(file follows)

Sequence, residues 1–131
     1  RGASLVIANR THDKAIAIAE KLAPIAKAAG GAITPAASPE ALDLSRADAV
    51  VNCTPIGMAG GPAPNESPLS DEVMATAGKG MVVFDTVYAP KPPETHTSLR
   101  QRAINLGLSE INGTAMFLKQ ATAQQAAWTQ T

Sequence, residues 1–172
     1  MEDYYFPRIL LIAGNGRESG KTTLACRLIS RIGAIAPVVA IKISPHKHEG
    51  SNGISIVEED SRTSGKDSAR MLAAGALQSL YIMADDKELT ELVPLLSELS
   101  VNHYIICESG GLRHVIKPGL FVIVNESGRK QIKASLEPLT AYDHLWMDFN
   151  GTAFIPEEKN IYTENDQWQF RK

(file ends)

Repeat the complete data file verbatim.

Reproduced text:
Sequence, residues 1–131
     1  RGASLVIANR THDKAIAIAE KLAPIAKAAG GAITPAASPE ALDLSRADAV
    51  VNCTPIGMAG GPAPNESPLS DEVMATAGKG MVVFDTVYAP KPPETHTSLR
   101  QRAINLGLSE INGTAMFLKQ ATAQQAAWTQ T

Sequence, residues 1–172
     1  MEDYYFPRIL LIAGNGRESG KTTLACRLIS RIGAIAPVVA IKISPHKHEG
    51  SNGISIVEED SRTSGKDSAR MLAAGALQSL YIMADDKELT ELVPLLSELS
   101  VNHYIICESG GLRHVIKPGL FVIVNESGRK QIKASLEPLT AYDHLWMDFN
   151  GTAFIPEEKN IYTENDQWQF RK